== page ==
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U.S. soldier sentenced to life without parole for Afghan massacre

Attorneys for Army Staff Sgt. Robert Bales, who pleaded guilty to killing 16 Afghan civilians, fail to persuade the military jury to grant him the possibility of parole.

August 23, 2013|By Rick Rojas
  • An Afghan villager who traveled to Washington state for the court-martial of U.S. Army Staff Sgt. Robert Bales holds his head as he listens to other Afghans speak during a news conference after the sentence in the case was announced.
An Afghan villager who traveled to Washington state for the court-martial… (Elaine Thompson / Associated…)

JOINT BASE LEWIS-McCHORD, Wash. — A military jury Friday sentenced Army Staff Sgt. Robert Bales, who pleaded guilty to killing 16 Afghan civilians, to life in prison without the possibility of parole.

Bales, 40, entered the guilty plea in June in a deal to avoid the death penalty.

During his court-martial sentencing hearing here Thursday, Bales had apologized for his actions. He described the killings as an "act of cowardice, behind a mask of fear."

The six-member military jury deliberated less than two hours Friday morning after closing arguments. As a result of Bales' guilty plea, jurors were only deciding whether he would be eligible for parole.

Bales showed no emotion as the sentence was read, while his mother bowed her head, rocked in her seat and wept. An interpreter flashed a thumbs-up sign to a row of Afghan villagers who were either wounded or lost family members in the March 11, 2012, attacks, the Associated Press reported.

But the Afghans, who had traveled nearly 7,000 miles to testify against Bales, later spoke with reporters through an interpreter and expressed deep disappointment with the sentence.

"We wanted this murderer to be executed, but we didn't get our wish," said Haji Mohammed Wazir, who lost 11 family members, including his wife, mother and six of his seven children.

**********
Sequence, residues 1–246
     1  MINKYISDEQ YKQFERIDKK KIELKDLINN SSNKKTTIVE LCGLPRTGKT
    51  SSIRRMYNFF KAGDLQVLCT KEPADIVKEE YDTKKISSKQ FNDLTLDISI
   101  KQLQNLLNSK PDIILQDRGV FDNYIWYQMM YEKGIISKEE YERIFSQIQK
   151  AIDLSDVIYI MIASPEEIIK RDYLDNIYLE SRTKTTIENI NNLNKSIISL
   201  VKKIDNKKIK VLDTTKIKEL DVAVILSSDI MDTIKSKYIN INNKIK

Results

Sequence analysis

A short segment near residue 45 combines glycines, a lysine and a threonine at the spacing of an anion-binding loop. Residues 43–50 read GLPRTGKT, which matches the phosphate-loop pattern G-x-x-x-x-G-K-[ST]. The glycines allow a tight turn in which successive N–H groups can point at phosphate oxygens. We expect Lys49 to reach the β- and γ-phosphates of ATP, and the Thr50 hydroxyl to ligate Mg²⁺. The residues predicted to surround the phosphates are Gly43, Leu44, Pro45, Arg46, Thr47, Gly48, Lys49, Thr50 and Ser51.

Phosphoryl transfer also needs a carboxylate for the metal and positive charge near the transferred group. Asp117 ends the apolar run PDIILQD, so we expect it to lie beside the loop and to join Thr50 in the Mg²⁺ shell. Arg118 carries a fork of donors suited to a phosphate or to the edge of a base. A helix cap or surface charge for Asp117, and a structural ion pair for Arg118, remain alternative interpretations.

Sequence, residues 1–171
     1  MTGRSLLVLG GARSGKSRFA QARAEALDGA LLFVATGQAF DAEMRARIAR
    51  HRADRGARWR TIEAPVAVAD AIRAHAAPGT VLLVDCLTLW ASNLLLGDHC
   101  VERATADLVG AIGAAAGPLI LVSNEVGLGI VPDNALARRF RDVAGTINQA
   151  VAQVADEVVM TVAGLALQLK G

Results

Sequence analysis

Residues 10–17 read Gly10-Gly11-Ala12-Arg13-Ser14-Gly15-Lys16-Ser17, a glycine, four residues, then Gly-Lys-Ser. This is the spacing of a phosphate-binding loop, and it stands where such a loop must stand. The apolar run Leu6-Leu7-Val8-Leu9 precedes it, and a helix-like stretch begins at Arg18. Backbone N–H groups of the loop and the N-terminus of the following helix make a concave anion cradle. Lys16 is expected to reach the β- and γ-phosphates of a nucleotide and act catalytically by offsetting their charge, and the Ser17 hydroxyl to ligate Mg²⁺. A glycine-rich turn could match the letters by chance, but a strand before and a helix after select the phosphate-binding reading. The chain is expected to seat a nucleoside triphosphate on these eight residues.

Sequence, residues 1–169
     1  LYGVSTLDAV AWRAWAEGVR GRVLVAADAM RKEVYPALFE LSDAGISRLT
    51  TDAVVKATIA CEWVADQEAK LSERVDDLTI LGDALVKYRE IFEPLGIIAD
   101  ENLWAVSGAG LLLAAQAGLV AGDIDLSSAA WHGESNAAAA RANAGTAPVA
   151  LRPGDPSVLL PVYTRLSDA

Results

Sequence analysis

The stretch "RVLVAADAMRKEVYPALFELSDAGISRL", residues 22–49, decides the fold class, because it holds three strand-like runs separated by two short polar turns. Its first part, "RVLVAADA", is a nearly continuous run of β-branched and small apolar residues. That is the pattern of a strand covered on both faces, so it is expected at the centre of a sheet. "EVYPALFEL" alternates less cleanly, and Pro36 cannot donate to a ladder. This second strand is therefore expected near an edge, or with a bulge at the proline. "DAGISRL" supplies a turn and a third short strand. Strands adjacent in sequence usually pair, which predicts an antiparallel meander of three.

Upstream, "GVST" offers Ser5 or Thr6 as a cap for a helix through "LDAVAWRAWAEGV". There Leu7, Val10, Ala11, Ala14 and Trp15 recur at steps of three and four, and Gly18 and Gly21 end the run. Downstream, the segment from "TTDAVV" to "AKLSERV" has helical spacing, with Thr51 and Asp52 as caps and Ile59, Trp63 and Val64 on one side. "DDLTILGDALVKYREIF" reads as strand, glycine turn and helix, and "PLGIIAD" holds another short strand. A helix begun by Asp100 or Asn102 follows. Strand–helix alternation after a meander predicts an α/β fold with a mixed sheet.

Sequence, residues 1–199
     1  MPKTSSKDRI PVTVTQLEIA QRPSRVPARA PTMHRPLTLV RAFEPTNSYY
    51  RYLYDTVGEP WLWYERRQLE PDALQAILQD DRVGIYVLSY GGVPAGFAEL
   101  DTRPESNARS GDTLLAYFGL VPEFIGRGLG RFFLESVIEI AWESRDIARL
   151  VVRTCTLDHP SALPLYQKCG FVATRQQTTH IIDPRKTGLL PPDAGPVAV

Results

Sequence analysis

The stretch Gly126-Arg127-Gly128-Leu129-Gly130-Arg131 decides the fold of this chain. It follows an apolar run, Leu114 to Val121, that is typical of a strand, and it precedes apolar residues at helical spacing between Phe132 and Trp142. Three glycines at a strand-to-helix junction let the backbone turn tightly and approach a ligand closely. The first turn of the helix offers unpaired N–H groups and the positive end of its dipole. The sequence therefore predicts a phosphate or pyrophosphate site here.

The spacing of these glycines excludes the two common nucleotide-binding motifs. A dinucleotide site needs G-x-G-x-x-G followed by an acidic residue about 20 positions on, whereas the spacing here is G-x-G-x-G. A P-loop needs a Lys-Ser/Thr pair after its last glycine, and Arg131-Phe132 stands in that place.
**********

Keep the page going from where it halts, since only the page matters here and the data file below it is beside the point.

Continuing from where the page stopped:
Kari Bales, the soldier's wife, declined to comment through her spokesman.

During the proceeding, his defense sought to humanize him as a dependable and upstanding man — a good father, a good soldier, a good friend — who had been tormented by war.

In closing arguments Friday, prosecutors described Bales as a man desperate for power who executed a premeditated, merciless attack on the Afghan villages. They disagreed with the notion posited by Bales' lawyers that he acted in a burst of rage.

Bales' actions were calculated, prosecutors said, brought about by problems with alcohol, steroid use, his marriage and his finances. "He should be known by one official title from this day forward until the day he dies: inmate," said prosecutor Lt. Col. Joseph Morse.

Bales' attorneys did not dispute the fact that he was responsible and that he should face the consequences for the crime.

One of them, Emma Scanlan, asked jurors to consider allowing a "sliver of light" and offer him the possibility of parole. "That's all," she said. "That, by no means, is a guarantee. It's far from that.

"I'm not asking you to set him free. I'm asking you to confine him for life but to reserve that one piece of it for a later day," she said.

John Henry Browne, also an attorney for Bales, said that the decision was disappointing but did not come as a surprise.

"I thought we won when we got the death penalty taken off the table," he said. "It was a major uphill battle given the facts of the case. I don't regret any of the decisions we made, and I don't think Sgt. Bales does either."

Browne said that Bales "was resigned" to the sentence and "felt this was coming all along." He added that Bales was "pleased" that he not would face the death penalty, for the sake of his wife and children.

rick.rojas@latimes.com

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